Individuals from the city typically dream of the fresh air, stargazing, and peace in the country life. Many people wish to jump from city life to country living after retiring. There’s also many people looking to start farming careers away from city life.
4 tips to help you transition from city life to country living
Adjusting to the countryside’s new environment might be tough for city dwellers, and thus these four tips will aid a smooth transition.
Know the locals
The first step of countryside living; make friends since locals offer most services like medical attention and building. The distance between neighbors is extensive, making it difficult to receive certain services because these providers are scarce. Although people in the country live far apart, they’re typically communal and assist one another during challenging times. Furthermore, the country comprises a small community, unlike the urban centers, and thus people tend to know one another intimately.
Scoping out the town and knowing the locals will help gain great insight into the community. Some of the tips locals might give you include what, how, and when to:
- grow crops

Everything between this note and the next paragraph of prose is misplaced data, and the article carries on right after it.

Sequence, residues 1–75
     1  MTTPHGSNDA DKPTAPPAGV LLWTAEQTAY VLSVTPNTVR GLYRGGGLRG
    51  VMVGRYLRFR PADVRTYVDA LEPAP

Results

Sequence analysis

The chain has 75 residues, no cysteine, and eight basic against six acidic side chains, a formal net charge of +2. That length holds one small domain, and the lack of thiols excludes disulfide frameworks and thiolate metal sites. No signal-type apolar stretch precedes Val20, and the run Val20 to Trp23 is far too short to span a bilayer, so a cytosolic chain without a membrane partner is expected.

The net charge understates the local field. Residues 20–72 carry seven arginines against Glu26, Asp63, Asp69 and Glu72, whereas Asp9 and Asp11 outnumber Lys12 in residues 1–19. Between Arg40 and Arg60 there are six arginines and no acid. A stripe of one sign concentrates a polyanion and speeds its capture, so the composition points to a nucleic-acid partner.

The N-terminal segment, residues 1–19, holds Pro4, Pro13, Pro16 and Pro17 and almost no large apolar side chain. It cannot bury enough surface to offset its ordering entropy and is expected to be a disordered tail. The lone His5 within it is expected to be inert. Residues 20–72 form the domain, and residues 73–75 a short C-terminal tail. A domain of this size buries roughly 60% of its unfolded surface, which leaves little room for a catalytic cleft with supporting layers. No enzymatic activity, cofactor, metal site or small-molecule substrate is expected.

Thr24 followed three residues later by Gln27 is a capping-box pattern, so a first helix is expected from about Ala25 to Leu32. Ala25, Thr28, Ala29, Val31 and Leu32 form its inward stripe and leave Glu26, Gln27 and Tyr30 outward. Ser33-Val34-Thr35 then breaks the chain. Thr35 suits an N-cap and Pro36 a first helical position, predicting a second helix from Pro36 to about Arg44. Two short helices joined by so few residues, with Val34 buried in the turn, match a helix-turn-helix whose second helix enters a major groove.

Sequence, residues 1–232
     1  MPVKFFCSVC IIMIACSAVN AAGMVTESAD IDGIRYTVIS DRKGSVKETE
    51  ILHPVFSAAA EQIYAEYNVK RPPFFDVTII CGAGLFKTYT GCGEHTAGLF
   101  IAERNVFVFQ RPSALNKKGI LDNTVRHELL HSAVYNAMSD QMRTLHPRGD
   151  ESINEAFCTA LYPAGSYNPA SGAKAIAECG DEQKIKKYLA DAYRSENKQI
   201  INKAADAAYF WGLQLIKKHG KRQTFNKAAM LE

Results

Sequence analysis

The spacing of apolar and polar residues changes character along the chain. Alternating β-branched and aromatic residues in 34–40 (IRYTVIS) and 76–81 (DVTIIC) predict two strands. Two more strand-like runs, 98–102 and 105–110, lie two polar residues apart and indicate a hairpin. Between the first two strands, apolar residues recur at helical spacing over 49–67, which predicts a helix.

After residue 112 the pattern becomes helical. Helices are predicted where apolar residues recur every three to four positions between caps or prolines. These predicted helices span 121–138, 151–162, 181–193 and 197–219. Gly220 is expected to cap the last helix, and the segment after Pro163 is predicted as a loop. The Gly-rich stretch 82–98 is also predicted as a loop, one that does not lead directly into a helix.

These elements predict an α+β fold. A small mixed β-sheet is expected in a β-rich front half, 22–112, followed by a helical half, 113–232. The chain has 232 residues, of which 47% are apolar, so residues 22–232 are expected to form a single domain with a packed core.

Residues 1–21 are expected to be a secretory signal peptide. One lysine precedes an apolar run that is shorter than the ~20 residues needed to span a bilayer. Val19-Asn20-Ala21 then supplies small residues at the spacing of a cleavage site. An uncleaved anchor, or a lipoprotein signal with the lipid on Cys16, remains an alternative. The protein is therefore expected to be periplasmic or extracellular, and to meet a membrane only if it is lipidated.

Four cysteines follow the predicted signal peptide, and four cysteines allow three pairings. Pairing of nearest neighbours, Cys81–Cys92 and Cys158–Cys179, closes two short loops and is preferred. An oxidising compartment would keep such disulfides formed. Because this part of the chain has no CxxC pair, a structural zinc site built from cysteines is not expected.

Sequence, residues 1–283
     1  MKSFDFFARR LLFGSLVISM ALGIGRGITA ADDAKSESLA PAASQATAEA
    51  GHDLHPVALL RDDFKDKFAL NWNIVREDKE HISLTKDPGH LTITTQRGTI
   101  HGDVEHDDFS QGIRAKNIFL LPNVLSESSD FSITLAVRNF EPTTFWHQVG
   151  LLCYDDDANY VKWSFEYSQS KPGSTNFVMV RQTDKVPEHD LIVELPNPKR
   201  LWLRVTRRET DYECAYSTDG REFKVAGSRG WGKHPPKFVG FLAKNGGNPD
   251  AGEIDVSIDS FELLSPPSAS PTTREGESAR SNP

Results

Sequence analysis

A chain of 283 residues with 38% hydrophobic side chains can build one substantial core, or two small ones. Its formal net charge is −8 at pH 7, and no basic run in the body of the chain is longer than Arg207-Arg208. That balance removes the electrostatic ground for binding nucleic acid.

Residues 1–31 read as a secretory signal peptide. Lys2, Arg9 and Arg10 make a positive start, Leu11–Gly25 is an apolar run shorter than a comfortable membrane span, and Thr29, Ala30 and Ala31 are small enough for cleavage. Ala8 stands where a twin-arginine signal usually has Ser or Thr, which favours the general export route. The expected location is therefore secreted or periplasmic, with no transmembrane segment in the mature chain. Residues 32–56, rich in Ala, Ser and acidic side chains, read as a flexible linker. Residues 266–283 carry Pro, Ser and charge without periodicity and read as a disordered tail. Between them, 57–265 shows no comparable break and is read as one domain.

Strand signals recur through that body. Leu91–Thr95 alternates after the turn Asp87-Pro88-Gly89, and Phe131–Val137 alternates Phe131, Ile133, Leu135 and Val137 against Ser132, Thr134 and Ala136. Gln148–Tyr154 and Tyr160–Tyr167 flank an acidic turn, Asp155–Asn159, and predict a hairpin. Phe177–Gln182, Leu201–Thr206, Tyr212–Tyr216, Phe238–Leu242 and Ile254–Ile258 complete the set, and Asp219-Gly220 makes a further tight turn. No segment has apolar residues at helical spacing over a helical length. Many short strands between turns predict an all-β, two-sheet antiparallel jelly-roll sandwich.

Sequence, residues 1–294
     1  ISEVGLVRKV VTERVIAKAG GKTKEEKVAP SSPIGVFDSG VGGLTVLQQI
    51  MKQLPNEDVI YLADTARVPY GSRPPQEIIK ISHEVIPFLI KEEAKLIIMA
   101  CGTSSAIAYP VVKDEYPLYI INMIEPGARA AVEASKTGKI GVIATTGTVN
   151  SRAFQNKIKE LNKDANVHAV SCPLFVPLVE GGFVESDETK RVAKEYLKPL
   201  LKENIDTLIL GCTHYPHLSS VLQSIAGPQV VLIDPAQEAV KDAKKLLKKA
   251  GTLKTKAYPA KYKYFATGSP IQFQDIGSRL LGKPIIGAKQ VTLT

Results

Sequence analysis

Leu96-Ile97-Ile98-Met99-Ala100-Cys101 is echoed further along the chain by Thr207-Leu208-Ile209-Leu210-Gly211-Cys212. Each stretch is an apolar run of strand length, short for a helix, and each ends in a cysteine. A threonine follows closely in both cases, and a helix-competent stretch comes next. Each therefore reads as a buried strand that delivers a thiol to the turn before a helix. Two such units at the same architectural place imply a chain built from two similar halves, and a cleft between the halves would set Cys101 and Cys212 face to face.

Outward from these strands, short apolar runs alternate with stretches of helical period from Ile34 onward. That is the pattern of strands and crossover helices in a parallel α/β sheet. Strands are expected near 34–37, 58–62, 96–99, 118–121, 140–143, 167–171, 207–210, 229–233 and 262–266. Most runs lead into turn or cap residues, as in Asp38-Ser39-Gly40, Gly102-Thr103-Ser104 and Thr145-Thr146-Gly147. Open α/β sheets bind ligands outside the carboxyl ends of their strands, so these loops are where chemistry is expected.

- breed livestock
- buy food supplies
Stock up needed materials
Living in rural areas means that it will be challenging to access foodstuff or shop for groceries. Unlike most cities, country stores and services aren’t open 24/7. Nor are stores within walking distance! A city dweller needs to embrace bulking buying food during shopping trips to avoid making multiple trips to distant shopping centers.
Noise in the countryside
Although many people move from the city to seek a haven, the countryside can be noisy, although peaceful. Tractors, farm animals, insects, and dirt bikes produce a relatively large amounts of noise, almost similar to traffic noise in the city. When searching for a home in the country, they should look for a home far away from industries or a busy farmhouse with animals.
Mortgages in the countryside, such as the usda loans, are available with low-interest rates and insurance, allowing you to acquire a home in a peaceful and relaxed environment.
Unlike the countryside, the city’s always buzzing with activities that mostly seem automatic such as:
- garbage collection
- water supply
- sewage systems
In a rural setting, these services are your responsibility. Yes, it’s all on you for arranging disposal of garbage and repairing septic tanks or plumbing systems. If you have children, the elderly or sick relatives it’s important to research emergency services. Make sure you monitor their response times, so you can prepare yourself before trading in city life for country living.
Although it might be tough to adjust the transition to the country, city dwellers can follow these tips to succeed. The country offers more than just clean air and ample living space but also allows one to become self-sufficient and healthier.
About the Writer: Emma is a freelance writer based out of Boston, MA. She writes most often on health and education. When not writing, she enjoys reading and watching film noir. Say hi on Twitter @EmmaSturgis2